The Long Goodbye: Introducing...Oprah!


Hi, I'm Jen.  I write creative non-fiction stories and pop culture commentary in various anthologies, magazines and websites.  And I'll be covering Oprah's farewell here over the next several weeks in this guest blog series, which I'm calling "The Long Goodbye."  Before starting this blog, I was an infrequent Oprah Show viewer. I'd record an episode here and there and watch clips of people—famous and not—share their stories with Oprah like no one else was watching. Yet even though I chose the passive route when it came to Ms. Winfrey, she was still…present. And she was never more present than when she announced her final season late last year, to the dismay of many of her fans. (It's OK, "Oprah's Favorite Things" audience members: Life will go on.)

So, drawn in by the "Oprahcolypse" chatter I decided to start watching…actively. Here are some preliminary observations, which we'll be looking at more closely throughout this series:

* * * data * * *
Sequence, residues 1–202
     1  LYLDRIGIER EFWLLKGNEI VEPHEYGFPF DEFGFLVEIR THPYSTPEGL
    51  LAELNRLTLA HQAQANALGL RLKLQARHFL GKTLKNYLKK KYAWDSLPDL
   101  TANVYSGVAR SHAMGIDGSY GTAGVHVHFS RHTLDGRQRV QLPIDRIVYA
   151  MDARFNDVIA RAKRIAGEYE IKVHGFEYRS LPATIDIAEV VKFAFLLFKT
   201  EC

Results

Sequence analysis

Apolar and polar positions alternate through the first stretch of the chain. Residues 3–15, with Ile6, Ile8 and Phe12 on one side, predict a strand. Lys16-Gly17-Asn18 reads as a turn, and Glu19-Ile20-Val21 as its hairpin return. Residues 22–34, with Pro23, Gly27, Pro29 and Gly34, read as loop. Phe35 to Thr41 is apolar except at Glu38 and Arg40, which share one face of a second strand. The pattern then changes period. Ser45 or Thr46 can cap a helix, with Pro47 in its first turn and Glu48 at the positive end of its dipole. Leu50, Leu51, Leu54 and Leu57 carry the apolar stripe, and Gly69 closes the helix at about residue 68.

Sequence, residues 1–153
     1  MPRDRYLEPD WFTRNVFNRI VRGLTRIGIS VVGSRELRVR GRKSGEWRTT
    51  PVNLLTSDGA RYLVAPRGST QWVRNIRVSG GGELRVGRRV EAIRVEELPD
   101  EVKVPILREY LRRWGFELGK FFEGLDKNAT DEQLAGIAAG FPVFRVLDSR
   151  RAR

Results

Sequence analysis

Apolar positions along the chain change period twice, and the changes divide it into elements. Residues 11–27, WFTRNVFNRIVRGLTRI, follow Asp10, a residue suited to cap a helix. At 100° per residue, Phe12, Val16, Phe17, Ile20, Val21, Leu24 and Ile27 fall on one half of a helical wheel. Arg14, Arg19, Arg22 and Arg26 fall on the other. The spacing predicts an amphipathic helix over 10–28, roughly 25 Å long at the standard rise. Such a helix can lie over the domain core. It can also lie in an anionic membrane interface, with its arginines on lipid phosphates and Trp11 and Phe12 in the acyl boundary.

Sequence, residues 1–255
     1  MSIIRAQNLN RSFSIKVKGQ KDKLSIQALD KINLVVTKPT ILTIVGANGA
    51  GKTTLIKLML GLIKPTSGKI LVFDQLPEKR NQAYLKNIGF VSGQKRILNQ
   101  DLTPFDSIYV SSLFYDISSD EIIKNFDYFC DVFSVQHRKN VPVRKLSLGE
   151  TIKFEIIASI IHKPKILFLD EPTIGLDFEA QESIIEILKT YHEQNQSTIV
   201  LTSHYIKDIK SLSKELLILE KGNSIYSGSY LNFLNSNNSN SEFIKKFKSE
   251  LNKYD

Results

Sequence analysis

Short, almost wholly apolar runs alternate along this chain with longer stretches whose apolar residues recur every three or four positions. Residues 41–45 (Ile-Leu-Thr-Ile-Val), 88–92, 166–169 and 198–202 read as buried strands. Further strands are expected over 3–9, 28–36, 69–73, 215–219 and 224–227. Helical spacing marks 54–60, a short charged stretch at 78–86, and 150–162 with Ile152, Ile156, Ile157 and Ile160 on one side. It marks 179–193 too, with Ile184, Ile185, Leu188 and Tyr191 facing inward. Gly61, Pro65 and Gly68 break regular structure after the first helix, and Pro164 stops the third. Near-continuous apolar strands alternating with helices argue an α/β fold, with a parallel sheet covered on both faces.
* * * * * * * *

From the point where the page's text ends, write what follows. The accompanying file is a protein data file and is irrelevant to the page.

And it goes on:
Oprah is America's therapist. If you get booked on Oprah, you better be prepared to spill. An example: Reading from her memoir on November 1, Portia de Rossi said "it's not the weight gain from the 6 oz. of yogurt that worries me. It's the loss of self control. It crosses my mind to vocalize my thoughts of self loathing because speaking the thoughts would have to burn more calories than just thinking the thoughts and so I say: 'You are nothing. You're average. You're an ordinary average fat piece of shit. You have no self control. You're a stupid, fat, disgusting dyke. You ugly stupid bitch.' As I reached the bathroom and wiped away the last of my tears, I'm alarmed by the silence. The voice has stopped. When it's quiet in my head like this, that's when the voice doesn't need to tell me how pathetic I am. I know it in the deepest part of me. When it's quiet like this, that's when I truly hate myself."